Ed Miliband and Nick Clegg were seen deep in conversation as the two former leaders were sworn in as MPs today.
Mr Miliband - fresh from a holiday after his election loss and subsequent resignation - appeared to skip the queue to join Mr Clegg, who also quit in the wake of the Liberal Democrats' disastrous defeat.
Mr Clegg was also seen speaking to Alex Salmond, the former First Minister of Scotland and the new MP for Gordon.
Before any of the 650 MPs can take part in a debate or vote in the House of Commons, they must swear an oath of allegiance to the Crown.
The former Deputy Prime Minister Nick Clegg is to make a statement about his position after election results that saw the Liberal Democrat representation in the House of Commons slashed.
Cabinet ministers Danny Alexander, Vince Cable and Ed Davey lost their seats in what looks likely to be the worst election result ever for the party.
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Tweets about Nick Clegg have soared to 79% of the real time conversation on the social networking site - the highest of any leader over the course of the election campaign.
Earlier the Lib Dem leader was on 59% after many senior party figures lost their seats.
Nick Clegg is currently the most talked about leader on Twitter with 59% of the conversation - the highest of any leader since polls closed at 10pm.
The Lib Dem leader has held on to his Sheffield Hallam seat despite the loss of many senior party members.
UPDATE: Tweets about Nick Clegg soared to 79% of the real time conversation shortly after the Lib Dem leader won his Sheffield Hallam seat.
Nick Clegg, the Liberal Democrat leader and deputy prime minister, has held onto his Sheffield Hallam seat.
Nick Clegg is currently the most talked about leader on Twitter after the Lib Dems lost many key figures, including Vince Cable and Simon Hughes.
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A Liberal Democrat source has told ITV News' Emily Morgan that it is "close, bloody close" in Nick Clegg's seat Sheffield Hallam.
As the election campaign draws to an end, the Liberal Democrat leader says that voters face “the biggest political decision" of their lives.Read the full story ›
Nick Clegg predicted that the UK will face another General Election before Christmas if the Liberal Democrats do not form part of a coalition government following this week's poll.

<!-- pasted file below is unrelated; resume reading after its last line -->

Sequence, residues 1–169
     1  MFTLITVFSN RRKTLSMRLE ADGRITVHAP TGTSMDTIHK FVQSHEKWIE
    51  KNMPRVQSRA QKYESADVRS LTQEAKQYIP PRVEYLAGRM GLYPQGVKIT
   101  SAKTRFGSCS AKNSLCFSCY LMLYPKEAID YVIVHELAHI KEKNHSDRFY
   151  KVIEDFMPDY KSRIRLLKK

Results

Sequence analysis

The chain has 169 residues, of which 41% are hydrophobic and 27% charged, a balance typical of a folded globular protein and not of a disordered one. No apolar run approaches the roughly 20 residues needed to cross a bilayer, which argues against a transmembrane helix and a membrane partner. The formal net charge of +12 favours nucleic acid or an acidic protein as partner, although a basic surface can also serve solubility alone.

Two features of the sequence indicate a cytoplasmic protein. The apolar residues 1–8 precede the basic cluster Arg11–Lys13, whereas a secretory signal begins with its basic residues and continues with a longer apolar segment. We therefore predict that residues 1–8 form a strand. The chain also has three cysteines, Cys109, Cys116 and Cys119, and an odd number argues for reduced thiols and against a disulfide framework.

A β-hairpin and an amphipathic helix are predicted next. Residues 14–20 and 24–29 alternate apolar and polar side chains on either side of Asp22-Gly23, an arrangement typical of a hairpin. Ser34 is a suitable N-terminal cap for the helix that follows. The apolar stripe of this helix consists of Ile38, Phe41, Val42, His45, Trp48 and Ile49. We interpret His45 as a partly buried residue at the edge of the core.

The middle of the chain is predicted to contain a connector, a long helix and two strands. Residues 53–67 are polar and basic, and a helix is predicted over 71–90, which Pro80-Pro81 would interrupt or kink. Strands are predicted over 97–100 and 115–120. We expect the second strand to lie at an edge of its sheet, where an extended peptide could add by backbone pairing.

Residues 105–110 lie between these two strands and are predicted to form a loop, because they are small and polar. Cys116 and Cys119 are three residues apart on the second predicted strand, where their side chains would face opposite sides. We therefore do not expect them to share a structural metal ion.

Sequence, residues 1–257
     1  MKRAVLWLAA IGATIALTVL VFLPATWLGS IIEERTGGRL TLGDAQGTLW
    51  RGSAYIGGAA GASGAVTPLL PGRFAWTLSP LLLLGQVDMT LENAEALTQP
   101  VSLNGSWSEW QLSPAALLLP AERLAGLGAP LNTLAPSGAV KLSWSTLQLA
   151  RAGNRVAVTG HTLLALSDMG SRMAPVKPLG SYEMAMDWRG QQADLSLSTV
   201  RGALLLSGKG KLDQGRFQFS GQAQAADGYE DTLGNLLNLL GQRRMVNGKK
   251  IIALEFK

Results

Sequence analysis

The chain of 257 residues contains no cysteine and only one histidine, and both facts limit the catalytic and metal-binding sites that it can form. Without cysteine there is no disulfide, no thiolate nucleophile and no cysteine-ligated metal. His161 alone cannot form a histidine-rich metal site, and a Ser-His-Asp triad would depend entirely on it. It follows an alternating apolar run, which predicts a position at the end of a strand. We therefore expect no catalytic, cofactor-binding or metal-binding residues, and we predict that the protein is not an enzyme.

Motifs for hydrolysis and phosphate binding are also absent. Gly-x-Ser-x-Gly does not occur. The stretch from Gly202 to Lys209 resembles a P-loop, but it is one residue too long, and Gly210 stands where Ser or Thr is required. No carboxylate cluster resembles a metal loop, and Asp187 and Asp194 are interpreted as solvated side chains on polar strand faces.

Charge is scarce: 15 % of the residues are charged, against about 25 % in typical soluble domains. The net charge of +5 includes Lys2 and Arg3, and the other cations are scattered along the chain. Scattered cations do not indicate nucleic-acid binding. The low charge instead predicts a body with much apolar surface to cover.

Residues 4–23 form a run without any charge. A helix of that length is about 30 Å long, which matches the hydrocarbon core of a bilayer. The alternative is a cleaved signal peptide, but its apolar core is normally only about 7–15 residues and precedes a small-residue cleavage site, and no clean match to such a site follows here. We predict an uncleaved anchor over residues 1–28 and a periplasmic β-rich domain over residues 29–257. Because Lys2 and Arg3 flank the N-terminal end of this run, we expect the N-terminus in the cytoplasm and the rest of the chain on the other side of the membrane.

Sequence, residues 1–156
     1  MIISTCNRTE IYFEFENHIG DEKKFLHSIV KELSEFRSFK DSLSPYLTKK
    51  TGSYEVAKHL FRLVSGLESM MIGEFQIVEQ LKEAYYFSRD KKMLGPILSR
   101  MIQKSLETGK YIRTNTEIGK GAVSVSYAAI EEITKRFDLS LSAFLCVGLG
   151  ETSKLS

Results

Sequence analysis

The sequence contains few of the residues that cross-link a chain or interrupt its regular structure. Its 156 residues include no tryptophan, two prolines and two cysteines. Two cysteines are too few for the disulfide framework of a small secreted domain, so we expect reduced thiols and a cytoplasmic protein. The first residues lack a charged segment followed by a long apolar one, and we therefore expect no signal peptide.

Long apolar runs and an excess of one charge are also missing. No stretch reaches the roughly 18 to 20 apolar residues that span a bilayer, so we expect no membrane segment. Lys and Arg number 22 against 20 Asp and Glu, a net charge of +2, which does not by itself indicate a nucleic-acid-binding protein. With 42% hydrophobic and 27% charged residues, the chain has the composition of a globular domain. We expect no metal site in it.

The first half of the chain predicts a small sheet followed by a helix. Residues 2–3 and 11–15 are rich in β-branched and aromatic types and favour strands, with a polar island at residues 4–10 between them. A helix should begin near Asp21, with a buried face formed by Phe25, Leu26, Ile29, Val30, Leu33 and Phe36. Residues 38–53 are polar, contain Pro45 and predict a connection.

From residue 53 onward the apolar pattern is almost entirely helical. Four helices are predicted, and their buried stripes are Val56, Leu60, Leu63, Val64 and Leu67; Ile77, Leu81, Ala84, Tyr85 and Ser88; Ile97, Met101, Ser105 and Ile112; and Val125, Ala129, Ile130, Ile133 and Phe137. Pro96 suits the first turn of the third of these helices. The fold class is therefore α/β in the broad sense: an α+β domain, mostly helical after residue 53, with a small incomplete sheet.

The Lib Dem leader said it would be impossible for a minority government to pass key legislation without signing off controversial concessions to the SNP and Ukip.
A party statement said a second election in 2015 would be "almost inevitable" without the Lib Dems in parliament.
Everybody knows that no one will win this election – even if David Cameron and Ed Miliband won’t admit it publicly.
If they try to stagger through with a messy and unstable minority government instead of putting the country first then they will risk all the hard work and sacrifices people have made over the last five years.
The last thing Britain needs is a second election before Christmas. But that is exactly what will happen if Ed Miliband and David Cameron put their own political interest ahead of the national interest.
The only party that will ensure stability is the Liberal Democrats.
The Liberal Democrats will work with the party with the biggest mandate in the event of a hung parliament, Nick Clegg has said.
However, Mr Clegg did not specify whether this meant the party with the most number of seats or the largest share of the votes.
Asked whether he preferred to work with Labour or the Tories, Mr Clegg told BBC Radio 4: "The party which gets the biggest mandate...[it] seems to me right to give them the space and time to try and form a government."
He accused David Cameron and Nick Clegg of "preposterously charging around the country saying they're going to win an outright majority", adding that the Lib Dems want a "stable, decent and united government" after Thursday's vote.